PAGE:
Immigration reform is not a zero-sum game | Opinion

Former Florida Gov. Jeb Bush recently joined former Dallas Federal Reserve Bank President and CEO Richard Fisher in discussing America’s immigration system. In a conversation with George W. Bush Institute Executive Director Holly Kuzmich, the pair explained what immigration reform might look like.

Question: Immigrants are key drivers of our economic growth. But it doesn’t seem like public sentiment is there to reform our immigration system. How do we overcome that?

Jeb Bush: The first thing is to solve the problems that people feel about immigration, which is that the rule of law is being violated. You need to make sure that illegal immigration is contained, and that you have a serious plan to deal with the large numbers of people who are here illegally because they have overstayed their legal visa.

This year, 60 percent of all illegal immigrants will be in that category. A great country should know who those folks are and figure out how to deal with them. Legal immigrants are to be respected and not put under the same net as the folks that come here illegally.


Secondly, you deal with border security issues and verify those things are important. There’s good work being done on that front, but it’s hard to measure enforcement. The numbers of people being caught often goes down, which means you’re doing your job better.

It’s hard to make that case but those who want broad-based immigration reform so it can sustain economic growth need to make a compelling case. Clearly, the president and the administration are going to expect and demand that, and I think Americans will want that as well.

But once you get beyond that, you can see that the legal immigration system can provide huge opportunities for sustained economic growth. You have to advocate for this, defend this, and advance it.

Right now, those on the side of reform are timid rather than being bold. They’re fearful of the tweets and the anger. We need to assuage people’s fears and then offer hope that this is not a zero-sum game, that high-sustained economic growth will benefit everybody.

It’s there to be done. And who knows? I mean, (Richard) Nixon went to China. Maybe (Donald) Trump is the immigration reform guy. A girl can dream here and that’s what I’m gonna do.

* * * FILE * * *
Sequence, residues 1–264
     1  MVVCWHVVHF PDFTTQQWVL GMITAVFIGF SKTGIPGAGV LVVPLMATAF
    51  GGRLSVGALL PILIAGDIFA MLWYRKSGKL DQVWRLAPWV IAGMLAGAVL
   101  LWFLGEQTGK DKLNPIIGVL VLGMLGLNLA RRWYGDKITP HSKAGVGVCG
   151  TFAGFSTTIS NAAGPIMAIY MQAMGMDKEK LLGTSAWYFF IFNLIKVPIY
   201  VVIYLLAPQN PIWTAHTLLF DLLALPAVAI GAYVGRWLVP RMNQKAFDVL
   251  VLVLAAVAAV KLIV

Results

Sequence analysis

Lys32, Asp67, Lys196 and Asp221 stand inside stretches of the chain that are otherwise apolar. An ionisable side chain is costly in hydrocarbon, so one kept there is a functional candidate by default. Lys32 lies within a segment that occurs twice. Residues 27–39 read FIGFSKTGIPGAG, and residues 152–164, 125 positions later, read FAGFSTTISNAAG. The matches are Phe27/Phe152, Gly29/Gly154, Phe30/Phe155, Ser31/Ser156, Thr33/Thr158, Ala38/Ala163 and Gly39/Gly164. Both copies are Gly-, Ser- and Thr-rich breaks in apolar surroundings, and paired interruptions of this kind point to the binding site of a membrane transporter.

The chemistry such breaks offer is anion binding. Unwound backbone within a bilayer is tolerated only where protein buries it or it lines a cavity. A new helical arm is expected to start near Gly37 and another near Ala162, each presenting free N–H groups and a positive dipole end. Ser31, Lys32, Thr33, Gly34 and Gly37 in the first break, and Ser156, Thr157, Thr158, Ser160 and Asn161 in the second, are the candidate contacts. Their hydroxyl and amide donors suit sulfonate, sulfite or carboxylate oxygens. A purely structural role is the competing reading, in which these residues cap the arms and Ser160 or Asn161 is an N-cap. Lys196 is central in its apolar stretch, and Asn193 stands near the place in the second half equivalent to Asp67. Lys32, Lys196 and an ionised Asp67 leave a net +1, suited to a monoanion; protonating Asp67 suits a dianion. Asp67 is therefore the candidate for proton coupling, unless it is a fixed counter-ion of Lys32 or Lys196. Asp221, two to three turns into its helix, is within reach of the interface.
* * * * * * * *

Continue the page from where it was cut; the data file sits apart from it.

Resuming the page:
Richard Fisher: When I was at the Dallas Fed, I always said that I would talk about the economics of immigration, but I am not going to get involved in the emotional side of this debate. I am the child of immigrants. Of course, we are all the children, grandchildren or descendants of immigrants.

This issue is going to be joined by the reconstruction of Houston and California. You cannot build Houston without Mexican labor. You cannot rebuild those homes in California without Mexican labor.

The Federal Reserve Bank of Dallas reports that before Hurricane Harvey, there were 587,000 temporary and perhaps illegal Mexicans living in Houston. The estimate now is that it will take a million Mexicans to rebuild Houston.

These are our southern neighbors. We want a prosperous Mexico. We need to be very careful about this business of immigration, the wall, and tearing NAFTA apart. We need to think about the signal that the wall sends, and how it is done.

We do need security. But we have 120 million people living south of our border. If we keep poking Mexico with a stick, their next president could be Andres Manuel Lopez Obrador, an extreme left-winger.

I don’t want Venezuela on my southern border. That would threaten my security, and that of my children and grandchildren. So, I hope we’re going to be very thoughtful. We need immigrant labor. We cannot build without them. They take certain jobs that nobody else has wanted to take in our country.

From a legal status viewpoint, we obviously have to make sure we have the right kind of people coming in. We need to give them incentives to come legally. But we cannot propel our economy without immigration.

Jeb Bush: The solution is a guest worker program that exists based on demand and that ebbs and flows based upon our economic needs. We’ve had that in the past. Other countries have it. The Canadian immigration model is the one probably to emulate.

The other point about immigration is that we’re becoming a nation of tribes. We’re really righteous in our own beliefs these days. We get our news all from the same source and it’s just validating how smart and right we are. This makes us less tolerant of other people who are on the other team, whatever team that is.

What has sustained the American experiment is a set of shared values. Immigrants can play a constructive role in reminding us of them.

But there has to be a contract if you come to this country. You embrace American values. You learn our history. You learn English. You aspire to greatness. You achieve earned success. You are tolerant of other people. You allow people to express their faith as they see fit.

If we politely require this, immigrants will embrace those things that are part of our heritage. They will remind us of the power of our values. Many Americans have lost sense of a shared set of values.

This also would lessen people’s fears and angst about a changing culture. We don’t have to change who we are as Americans.

Most immigrants totally understand this. And to allow them to embrace these values gives real energy for our country. Civics education. Being proud of our heritage. Honoring the flag and the institutions that have created the greatness of this country. We should redouble our efforts to embrace these. We should do this with respect, not in a jingoistic way, and encourage everybody else to embrace this as well.

This interview appeared in the winter edition of “The Catalyst: A Journal of Ideas from the Bush Institute.” This is distributed by

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